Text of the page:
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Each side and diagonal of a regular $n$-gon ($n\geq 3$) is colored blue or green. A move consists of choosing a vertex and switching the color of each segment incident to that vertex (from blue to green, or from green to blue). Prove that regardless of the initial coloring, it is possible to make the number of blue segments incident to each vertex even by following a sequence of moves. Also show that the final configuration obtained is uniquely determined by the initial coloring.

This questions is confusing me: Label the vertices $a_1,a_2,\dots a_n$ Now let $M(a_i)$ denote the move being applied to vertex $a_i$. Also let $b_i$ be the number of blue segments incident to vertex $a_i$ and define $g_i$ similarly. We have $b_i+g_i=n-1$. Consider some even $n$. Now consider $M(a_1)$. This swaps the colors of all edges incident to $a_1$, but this means that $b_1$ and $g_1$ are swapped. Since $b_1+g_1=n-1\equiv 1 \pmod{2}$, the parity of $b_1$ changes. However now consider what happens to some $a_k$ for $k\neq 1$. The edge joining $a_k,a_1$ swaps colors, while all other segments incident to $a_k$ remain the same color. Note that this either increases $b_k$ by one (hence decreasing $g_k$ by one), or the other way around. This means that the parity of $b_k$ changes as well.

But this means that applying the move $M(a_1)$ changes the parity of every single vertex. So that means if we start with any configuration were the parity of all $b_i$ is not the same, then it is impossible to reach a point where all $b_i$ are even.

For example, consider the case $n=4$ for a square. Initially color the segments $A_1A_2,A_2A_3,A_3A_4,A_4A_1,A_1,A_3$ blue and color $A_2A_4$ green. Then we have $b_1=b_3=3,b_2=b_4=2$, and I haven't been able to find a way to apply moves in such a way to make all the $b_i$ even.

If someone could tell me where my logic is going wrong (or if I misinterpreted the problem), and give me a way to solve the problem for the square case I mentioned above, that would be great. I don't need a solution to the problem yet.

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I think this works for the first part.

Consider the complete graph $K_n$ with $n$ an odd number. Label the vertices $A_1,A_2,\dots A_n$ Let $b_i$ denote the number of blue segments incident to $A_i$. Let us start out with $k$ of the $b_i$ even and the other $n-k$ of them odd.

We start with the following initial observations:

Lemma 1: The $k$ we start out with is odd.

Proof: Assume that $k$ is even, and without loss of generality let the $k$ vertices $A_1,A_2,\dots A_k$ have even $b$ while the $n-k$ vertices $A_{k+1},A_{k+2},\dots A_n$ have odd $b$. Then the number of blue edges is given by $\frac{1}{2}\sum_{i=1}^n b_i$. But, we have $\sum_{i=1}^k b_k$ is even, while $\sum_{i=k+1}^n b_k$ is odd (since $n-k$ is odd), so the total sum is odd, a contradiction because in this case there isn't an integer number of initial blue edges.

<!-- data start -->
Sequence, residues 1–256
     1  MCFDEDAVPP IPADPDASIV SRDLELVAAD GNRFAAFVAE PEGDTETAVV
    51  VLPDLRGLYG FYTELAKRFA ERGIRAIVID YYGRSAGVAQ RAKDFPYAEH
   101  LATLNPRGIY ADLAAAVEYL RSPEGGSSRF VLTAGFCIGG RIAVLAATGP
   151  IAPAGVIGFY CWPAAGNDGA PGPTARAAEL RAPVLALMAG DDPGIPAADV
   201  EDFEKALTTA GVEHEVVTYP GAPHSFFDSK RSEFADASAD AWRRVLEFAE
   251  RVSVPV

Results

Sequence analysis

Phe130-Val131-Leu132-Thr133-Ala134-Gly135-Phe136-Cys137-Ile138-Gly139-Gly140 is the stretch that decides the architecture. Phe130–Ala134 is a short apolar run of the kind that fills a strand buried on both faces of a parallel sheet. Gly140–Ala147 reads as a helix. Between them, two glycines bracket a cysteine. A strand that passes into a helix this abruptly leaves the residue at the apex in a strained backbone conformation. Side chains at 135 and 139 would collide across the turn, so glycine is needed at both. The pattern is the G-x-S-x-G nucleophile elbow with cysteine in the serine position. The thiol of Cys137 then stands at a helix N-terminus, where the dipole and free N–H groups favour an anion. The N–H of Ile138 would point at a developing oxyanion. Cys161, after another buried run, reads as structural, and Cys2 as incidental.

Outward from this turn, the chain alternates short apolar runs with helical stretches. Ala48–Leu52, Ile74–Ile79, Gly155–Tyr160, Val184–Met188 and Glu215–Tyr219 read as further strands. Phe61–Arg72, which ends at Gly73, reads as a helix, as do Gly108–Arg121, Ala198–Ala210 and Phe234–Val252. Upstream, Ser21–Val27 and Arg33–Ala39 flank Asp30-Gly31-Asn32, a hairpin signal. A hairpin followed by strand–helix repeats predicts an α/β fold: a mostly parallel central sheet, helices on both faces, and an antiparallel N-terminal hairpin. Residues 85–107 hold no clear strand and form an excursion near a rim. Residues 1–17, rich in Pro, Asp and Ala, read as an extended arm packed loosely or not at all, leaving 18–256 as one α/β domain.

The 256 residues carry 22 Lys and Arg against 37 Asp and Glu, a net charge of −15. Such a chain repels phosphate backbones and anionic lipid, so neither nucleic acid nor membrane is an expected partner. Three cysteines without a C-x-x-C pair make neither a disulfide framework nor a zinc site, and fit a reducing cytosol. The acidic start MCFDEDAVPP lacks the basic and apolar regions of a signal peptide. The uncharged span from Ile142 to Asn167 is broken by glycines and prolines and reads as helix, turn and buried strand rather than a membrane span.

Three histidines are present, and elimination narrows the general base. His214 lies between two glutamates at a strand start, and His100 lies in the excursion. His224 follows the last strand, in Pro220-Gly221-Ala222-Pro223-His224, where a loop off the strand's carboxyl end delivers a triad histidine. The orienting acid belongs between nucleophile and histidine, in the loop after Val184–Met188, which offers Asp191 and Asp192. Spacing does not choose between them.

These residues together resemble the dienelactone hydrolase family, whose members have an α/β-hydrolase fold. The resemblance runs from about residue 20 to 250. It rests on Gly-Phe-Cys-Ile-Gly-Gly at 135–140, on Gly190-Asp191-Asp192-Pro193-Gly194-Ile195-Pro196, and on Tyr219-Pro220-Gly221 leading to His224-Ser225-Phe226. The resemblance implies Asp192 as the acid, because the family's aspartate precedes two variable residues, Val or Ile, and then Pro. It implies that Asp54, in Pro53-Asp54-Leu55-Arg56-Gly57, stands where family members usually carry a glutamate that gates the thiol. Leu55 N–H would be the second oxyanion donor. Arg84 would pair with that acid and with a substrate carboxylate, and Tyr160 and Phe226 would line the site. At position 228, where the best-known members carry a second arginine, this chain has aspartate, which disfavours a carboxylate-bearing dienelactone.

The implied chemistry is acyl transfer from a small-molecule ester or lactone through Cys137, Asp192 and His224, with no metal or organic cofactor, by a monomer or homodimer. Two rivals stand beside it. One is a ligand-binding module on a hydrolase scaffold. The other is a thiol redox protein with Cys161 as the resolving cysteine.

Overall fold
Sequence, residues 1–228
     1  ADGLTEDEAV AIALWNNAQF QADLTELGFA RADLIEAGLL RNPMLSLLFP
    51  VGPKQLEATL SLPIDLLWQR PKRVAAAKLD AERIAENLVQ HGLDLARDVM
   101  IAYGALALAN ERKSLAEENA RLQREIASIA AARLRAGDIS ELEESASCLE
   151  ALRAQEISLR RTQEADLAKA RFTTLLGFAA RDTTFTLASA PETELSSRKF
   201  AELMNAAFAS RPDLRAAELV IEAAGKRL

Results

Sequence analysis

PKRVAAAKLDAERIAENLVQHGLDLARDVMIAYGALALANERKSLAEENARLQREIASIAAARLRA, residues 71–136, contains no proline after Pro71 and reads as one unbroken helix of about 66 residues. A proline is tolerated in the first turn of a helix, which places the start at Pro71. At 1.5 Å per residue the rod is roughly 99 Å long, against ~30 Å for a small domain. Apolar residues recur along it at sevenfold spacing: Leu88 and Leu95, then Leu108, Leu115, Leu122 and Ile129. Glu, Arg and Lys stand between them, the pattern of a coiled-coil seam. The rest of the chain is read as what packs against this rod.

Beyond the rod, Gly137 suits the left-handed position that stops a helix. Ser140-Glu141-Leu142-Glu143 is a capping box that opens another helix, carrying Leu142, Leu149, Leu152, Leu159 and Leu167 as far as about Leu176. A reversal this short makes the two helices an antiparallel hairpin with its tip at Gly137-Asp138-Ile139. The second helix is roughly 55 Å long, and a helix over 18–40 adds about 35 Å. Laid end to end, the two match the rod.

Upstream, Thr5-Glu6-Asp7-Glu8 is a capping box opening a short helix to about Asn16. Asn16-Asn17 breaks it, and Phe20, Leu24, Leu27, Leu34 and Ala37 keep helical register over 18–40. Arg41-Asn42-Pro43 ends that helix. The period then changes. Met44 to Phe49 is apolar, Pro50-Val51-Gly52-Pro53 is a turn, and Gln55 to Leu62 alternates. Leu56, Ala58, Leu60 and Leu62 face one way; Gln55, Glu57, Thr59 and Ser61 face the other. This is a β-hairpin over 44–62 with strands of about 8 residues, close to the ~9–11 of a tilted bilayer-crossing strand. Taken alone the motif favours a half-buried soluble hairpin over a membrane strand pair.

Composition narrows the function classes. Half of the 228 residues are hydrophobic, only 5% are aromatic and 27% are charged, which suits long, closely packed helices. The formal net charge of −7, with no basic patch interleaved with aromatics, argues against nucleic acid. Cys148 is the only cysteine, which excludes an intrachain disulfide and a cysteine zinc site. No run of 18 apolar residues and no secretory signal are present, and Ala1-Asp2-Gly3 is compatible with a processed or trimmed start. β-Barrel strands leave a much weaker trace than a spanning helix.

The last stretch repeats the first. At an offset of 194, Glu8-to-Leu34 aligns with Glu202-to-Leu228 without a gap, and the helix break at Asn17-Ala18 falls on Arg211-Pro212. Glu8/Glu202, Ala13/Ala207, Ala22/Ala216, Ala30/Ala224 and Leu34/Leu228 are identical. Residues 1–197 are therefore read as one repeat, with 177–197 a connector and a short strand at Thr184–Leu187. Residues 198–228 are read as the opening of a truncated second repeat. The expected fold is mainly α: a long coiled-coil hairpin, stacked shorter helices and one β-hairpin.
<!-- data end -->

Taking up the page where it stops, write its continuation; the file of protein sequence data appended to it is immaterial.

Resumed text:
Lemma 2: Applying a move to any vertex $A_i$ will preserve the parity of $b_i$ while swapping the parities of all $b_j$ for $j\neq i$.

Proof: Since we are swapping the colors of all edges incident to vertex $A_i$, $b_i$ will change to $n-1-b_i$. But since $n-1\equiv 0\pmod{2}$, and since we have $b_i\equiv -b_i\pmod{2}$, the parity of $b_i$ stays the same. However, vertex $A_j$ for $j\neq i$ only has one of the edges incident to it's color swapped: edge $A_iA_j$. Therefore $b_i$ turns into $b_i \pm 1$ (depending on what color $A_iA_j$ is), changing it's parity.

Now consider the following algorithm:

Apply the move to any vertex $A_i$ such that $b_i$ is odd. After this move, we have $n-k-1$ vertices with $b$ even and $k+1$ vertices with $b$ odd. Now apply the move to any vertex $A_j$ such that $b_j$ is even. After this move, we have $k+2$ vertices with $b$ even and $n-k-2$ vertices with $b$ odd. This monotonically increases the number of vertices with $b_i$ even.

We know we can always apply the algorithm unless there are no more odd vertices, in which case we are done, so it suffices to continuously apply this algorithm. $\blacksquare$

Edit: Found a solution to show uniqueness.

Consider two arbitrary vertices $A_i,A_i, 0\leq i\neq j\leq n$.

Claim: If $b_i\equiv b_j\pmod{2}$, then the edge $\overline{A_iA_j}$ will end up the same color as it started with. If $b_i\neq b_j\pmod{2}$, then the edge $\overline{A_iA_j}$ will end up the opposite color that it started with.

Proof: First we take the case where $b_i\equiv b_j\pmod{2}$. Now consider $M(A_i)$. This swaps the parity of $b_j$ while keeping the parity of $b_i$ (this is Lemma 2). However, now $b_i,b_j$ are opposite parities, meaning one of them is odd. Because any $M(a_k),k\neq i,j$ would change the parity of both $b_i,b_j$, it is impossible to get them the same parity, and hence impossible to get both of them even, without either $M(A_i)$ again or $M(A_j)$. In either case, $\overline{A_iA_j}$ returns to its original color. Now consider the case where $b_i\neq b_j\pmod{2}$. In this case, note that $M(A_k),k\neq i,j$ will change the parity of both $b_i,b_j$, so we must use either $M(A_i)$ or $M(A_j)$, hence swapping the color of $\overline{A_iA_j}$. However, if we were to use either $M(A_i),M(A_j)$ again, then the parities of $b_i,b_j$ would be different, meaning it would be impossible to get both of them even without applying $M(A_i),M(A_j)$ a third time. $\blacksquare$

Note that when $b_i\equiv b_j\pmod{2}$, move $M(A_x),x\in\{i,j\}$ must be applied an even number of times to reach the desired configuration. When $b_i\neq b_j\pmod{2}$, move $M(A_x),x\in\{i,j\}$ must be applied an odd number of times to reach the desired configuration.

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